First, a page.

At the end of the day, the fact is I enjoyed The Magicians. As I said: it kept me turning the pages, and propelled me to the end. But I liked it in spite of the characters. For most people, however, whether they will enjoy the book will depend almost entirely on whether they can stomach or sympathize with the profoundly unhappy characters of the book: and most of all with Quentin himself. While most of the other characters have backstories and histories that suggest some fundamental impetus or reasoning for disconsolate unhappiness, Quentin’s lack history or direction: it just is.
But if you can find a way to empathize with Quentin, or to connect with his character, even if just a little, then that might be enough to carry you through this book and to enjoy it for what it is. For me, that connection was Quentin’s devotion to the “Fillory” books, because they mirrored my own personal affiliation for fantasy novels, in general, and for “The Prydain Chronicles” in particular (which filled the role in my life that the “Narnia” books filled in the lives of so many others, apparently Lev Grossman among them). Make no mistake; I enjoyed this book, and I do recommend it. It felt like a meaningful and important book, in many ways, and has a certain gravitas that genre books (especially Fantasy and Science Fiction books) are often accused of lacking. It’s commentary on, reaction to, and update of the themes and ideas of Harry Potter, Narnia, and other touchstones of the fantasy and young adult oeuvre were often touching or clever, and if you’re steeped in that tradition, you’ll find yourself frequently amused by the references this novel makes. Just be prepared: though the book itself is enjoyable, and well-written and at times compelling, the ending is an unhappy one, and may leave you feeling dissatisfied.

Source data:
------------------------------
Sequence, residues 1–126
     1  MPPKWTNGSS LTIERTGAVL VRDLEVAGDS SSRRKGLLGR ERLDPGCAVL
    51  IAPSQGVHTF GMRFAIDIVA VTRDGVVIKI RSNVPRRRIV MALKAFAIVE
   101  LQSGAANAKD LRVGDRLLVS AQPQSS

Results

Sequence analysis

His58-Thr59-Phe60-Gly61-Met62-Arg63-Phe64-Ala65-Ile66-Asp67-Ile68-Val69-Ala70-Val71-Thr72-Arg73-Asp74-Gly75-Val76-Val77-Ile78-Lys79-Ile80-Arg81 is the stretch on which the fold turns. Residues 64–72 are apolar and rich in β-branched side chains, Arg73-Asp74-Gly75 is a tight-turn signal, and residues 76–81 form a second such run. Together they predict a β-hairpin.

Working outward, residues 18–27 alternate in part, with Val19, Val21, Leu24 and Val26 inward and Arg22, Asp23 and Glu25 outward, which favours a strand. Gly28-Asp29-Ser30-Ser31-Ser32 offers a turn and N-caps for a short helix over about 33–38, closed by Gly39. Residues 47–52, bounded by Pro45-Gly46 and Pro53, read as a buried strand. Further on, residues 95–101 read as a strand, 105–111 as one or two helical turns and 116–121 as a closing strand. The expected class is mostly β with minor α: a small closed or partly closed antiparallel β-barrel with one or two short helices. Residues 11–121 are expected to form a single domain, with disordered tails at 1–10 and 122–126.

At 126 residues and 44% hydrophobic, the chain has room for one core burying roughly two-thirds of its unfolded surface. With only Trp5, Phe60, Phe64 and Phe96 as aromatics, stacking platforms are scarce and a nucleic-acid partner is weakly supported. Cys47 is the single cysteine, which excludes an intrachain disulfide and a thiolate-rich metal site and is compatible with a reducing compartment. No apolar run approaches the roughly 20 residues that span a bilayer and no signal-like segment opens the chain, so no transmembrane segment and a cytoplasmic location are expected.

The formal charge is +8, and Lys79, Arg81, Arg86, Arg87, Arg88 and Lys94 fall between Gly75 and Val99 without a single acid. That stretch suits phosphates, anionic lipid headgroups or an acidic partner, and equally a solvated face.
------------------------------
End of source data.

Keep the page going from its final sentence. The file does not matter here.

Next, I’m going to go more in depth – by pulling out spoilers and specifics from the book – about why the book worked or didn’t work for me on specific dimensions. I’ll refer a lot to things I’ve already discussed here, but I’ll also elaborate on specific plot points throughout the books, and comment more specifically on the ending and what happened there. Stay tuned!